As is the case with many parents of large families, Kathy and I are engaged in an elaborate and diabolical conspiracy to live a life of ease and luxury by extracting the maximum amount of work out of our children. Or so some of them they seem to think, based on the complaints we hear.
“I have to do the dishes again?” wails Weasel, my middle boy.
“Do you ever want to eat again?” snips Latte, my wife, in response. She gets a little tetchy about the dishes, I’ve noticed.
As it turned out, he did want to eat, and began clearing the table in a desultory fashion, scuffing his feet and doing his best to imitate the downtrodden masses. “Say, what’s with Weasel and the downtrodden masses?” quipped my daughter Nettle, as she bounded through the room.
It is sometimes hard to rally the troops once dinner is over.
One of the things that irks me about the work my children do, is that it seems to involve a lot of checking up on them, which significantly detracts from my life of ease and luxury. No sooner do I take my eyes off Weasel and his dish-duty, and he is out the door and halfway to Montana. Dirty dishes slouch sullenly on every available surface, mute testimony to the fact that Weasel has ‘washed the dishes’ only for very low values of the words ‘wash’ and ‘dishes’.
I call him back, and explain that I wanted a thorough job of dish-washing. He looks at me blankly. “This means,” I expound patiently, “that all the counters should be clean and washed, and all dishes washed and either put away or in the dishwasher.” Weasel sighs deeply, and returns to his task, as I regale him with lively discourse on the meaning of the words ‘clean’ and ‘put away’.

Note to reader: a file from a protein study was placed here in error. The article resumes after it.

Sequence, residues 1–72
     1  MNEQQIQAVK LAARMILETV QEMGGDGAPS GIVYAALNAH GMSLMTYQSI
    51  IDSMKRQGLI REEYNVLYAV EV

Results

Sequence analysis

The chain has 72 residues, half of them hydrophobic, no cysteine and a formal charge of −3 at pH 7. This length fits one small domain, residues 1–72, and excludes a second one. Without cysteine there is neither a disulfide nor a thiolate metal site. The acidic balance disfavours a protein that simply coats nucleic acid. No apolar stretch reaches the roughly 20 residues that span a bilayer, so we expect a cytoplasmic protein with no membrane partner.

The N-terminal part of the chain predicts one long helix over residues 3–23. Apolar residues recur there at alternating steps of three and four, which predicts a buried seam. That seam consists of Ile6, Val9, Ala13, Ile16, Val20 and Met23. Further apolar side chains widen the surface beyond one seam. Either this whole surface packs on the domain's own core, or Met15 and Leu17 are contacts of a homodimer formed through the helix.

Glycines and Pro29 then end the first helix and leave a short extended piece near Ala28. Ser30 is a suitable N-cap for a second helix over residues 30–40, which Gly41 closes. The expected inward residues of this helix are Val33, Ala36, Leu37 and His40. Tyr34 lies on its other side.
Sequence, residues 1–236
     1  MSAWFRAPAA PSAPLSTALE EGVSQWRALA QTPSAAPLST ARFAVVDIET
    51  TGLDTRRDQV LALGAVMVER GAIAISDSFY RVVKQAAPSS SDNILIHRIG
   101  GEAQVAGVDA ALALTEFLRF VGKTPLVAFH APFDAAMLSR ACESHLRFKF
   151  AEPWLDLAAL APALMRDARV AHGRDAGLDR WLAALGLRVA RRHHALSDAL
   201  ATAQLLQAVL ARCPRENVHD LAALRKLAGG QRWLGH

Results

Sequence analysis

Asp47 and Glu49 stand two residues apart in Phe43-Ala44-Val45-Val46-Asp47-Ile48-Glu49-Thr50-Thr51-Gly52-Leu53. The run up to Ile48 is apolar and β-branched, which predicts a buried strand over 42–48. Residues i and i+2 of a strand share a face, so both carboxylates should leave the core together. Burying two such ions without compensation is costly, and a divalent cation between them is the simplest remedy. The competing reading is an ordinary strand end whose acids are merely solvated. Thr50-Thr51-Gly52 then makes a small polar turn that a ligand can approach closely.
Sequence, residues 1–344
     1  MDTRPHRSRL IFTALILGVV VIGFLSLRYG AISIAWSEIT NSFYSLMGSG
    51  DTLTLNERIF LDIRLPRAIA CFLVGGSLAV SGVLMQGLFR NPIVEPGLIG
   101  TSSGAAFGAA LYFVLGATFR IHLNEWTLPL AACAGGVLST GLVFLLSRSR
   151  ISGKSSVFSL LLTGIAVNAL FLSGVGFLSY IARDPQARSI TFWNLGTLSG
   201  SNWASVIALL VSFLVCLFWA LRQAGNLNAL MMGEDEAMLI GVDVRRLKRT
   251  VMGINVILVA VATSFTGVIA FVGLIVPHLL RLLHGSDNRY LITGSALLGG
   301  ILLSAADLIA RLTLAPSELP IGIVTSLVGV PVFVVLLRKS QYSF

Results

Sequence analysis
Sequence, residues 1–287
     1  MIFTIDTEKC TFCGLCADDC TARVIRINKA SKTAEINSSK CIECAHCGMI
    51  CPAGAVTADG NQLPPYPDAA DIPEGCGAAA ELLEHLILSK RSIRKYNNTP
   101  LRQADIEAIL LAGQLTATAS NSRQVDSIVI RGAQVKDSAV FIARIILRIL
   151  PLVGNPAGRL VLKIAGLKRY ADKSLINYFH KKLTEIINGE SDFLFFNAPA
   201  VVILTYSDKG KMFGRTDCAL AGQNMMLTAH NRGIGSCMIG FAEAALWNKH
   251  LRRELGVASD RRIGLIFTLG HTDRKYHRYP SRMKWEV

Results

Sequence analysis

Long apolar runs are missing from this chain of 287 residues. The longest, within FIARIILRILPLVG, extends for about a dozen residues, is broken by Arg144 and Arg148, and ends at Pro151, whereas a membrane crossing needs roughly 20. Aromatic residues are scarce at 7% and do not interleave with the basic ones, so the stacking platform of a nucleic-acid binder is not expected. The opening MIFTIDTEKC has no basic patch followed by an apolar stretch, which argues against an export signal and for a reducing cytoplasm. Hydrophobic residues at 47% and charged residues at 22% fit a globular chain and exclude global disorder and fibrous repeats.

Even David and Sarah are sometimes pressed into service.
Sometimes I work through three or four iterations of this, and the lesson doesn’t always ‘stick’. I often feel that I am simply repeating myself, ad infinitum. It is hard to keep your cool when you think you’re not getting through at all.
My mind, often prone to wander, takes a side trip to the early 1970′s, when my parents had the onerous duty of teaching me to wash the dishes. “Never mind,” they concluded, after only a few dozen attempts. “Let’s have your brother wash the dishes, and you can dry ‘em. Even if you do a crummy job, they will eventually dry on their own.” It was heartwarming to have my parents believe in me so firmly.
It is amazing how much dirt can be found on a car, when you only wash once or twice a year.